World Food Prize Laureate Wants To Create A Nutrition-Climate Symphony
World Food Prize Laureate (2018) and Executive Director of the Global Alliance for Improved Nutrition (GAIN), Lawrence Haddad and I are sharing a coffee on alternate sides of a Zoom screen. Energized by the momentum of September’s Food Systems Summit, the first global summit to address food systems issues, November’s United Nations Climate Change Conference (COP26), and December’s Nutrition for Growth Summit (N4G), Haddad shares that he would like to see more convergence of food systems and climate agendas in the months and years to come. “Like a symphony,” he says, of the opportunities for harmonization. “Our strategy at GAIN is to improve the consumption of safe and nutritious food for all people as our contribution to ending the scandal of malnutrition. But we cannot divorce nutrition from the environment,” says Haddad. “The two are inextricably linked.” Read more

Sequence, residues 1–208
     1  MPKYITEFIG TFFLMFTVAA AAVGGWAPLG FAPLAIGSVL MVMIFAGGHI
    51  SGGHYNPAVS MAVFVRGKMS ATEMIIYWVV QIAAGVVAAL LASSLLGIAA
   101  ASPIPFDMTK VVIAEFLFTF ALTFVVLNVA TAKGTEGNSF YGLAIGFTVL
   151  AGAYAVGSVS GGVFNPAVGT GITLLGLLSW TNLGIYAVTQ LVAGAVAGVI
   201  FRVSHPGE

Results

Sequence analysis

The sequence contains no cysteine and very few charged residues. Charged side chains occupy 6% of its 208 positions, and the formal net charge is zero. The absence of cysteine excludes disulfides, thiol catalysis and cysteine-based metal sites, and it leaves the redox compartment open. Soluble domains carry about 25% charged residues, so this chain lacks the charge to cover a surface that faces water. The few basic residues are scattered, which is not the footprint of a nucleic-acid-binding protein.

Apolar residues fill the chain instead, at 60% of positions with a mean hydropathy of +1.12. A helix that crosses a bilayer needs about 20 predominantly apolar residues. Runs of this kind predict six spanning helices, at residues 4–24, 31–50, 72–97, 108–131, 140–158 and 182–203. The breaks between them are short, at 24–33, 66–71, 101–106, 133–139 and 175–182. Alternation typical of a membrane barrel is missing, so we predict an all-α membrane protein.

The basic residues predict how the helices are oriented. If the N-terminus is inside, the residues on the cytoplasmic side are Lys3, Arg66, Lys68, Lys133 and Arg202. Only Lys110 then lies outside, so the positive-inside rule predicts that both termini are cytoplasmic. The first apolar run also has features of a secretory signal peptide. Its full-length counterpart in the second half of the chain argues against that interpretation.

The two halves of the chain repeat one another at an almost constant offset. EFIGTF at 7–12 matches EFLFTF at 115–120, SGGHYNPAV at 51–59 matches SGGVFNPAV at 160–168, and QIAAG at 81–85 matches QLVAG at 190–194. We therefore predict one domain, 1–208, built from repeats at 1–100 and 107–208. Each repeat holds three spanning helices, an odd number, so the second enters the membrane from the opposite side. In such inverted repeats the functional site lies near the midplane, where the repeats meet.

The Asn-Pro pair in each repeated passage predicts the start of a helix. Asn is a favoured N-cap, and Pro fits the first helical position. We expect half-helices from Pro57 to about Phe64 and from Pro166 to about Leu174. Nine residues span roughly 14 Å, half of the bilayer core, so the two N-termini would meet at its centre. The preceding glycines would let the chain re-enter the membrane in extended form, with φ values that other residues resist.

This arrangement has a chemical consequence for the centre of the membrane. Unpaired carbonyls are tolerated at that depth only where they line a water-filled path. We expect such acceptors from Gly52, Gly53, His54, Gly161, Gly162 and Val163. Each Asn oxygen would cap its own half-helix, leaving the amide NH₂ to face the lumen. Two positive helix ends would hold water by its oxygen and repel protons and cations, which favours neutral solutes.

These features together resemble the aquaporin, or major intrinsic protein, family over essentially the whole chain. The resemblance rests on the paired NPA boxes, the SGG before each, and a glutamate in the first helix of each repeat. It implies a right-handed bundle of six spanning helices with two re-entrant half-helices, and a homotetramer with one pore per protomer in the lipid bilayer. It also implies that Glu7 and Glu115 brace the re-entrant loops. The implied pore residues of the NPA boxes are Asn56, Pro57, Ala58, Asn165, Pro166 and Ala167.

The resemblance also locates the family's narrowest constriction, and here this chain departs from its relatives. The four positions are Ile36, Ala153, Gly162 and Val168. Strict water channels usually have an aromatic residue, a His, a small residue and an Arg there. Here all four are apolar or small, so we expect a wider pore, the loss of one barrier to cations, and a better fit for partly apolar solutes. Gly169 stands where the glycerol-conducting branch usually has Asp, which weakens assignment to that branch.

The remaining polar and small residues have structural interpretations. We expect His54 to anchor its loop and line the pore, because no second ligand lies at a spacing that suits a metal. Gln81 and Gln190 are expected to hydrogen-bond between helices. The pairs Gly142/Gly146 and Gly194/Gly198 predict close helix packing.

source: forbes
COVID-19 school closures and adolescent mental health: Evidence from Mozambique
Since March 2020, the COVID-19 pandemic has led to prolonged school closures around the world that have disrupted the educational progression of hundreds of millions of students. According to UNESCO, these closures peaked around June 2020, at which point 50% of all students worldwide—more than 800 million—were out of school. Particularly in developing countries, where schools are a crucial path out of poverty (and there is little technology for learning at a distance), the absence of formal education over a long period of time has strong implications for students’ learning, health, and well-being (Engzell et al, 2021). Moreover, during this same period children were potentially exposed to widespread household-level shocks linked to illness, disrupted livelihoods, and challenges in access to food and other subsistence goods. Read more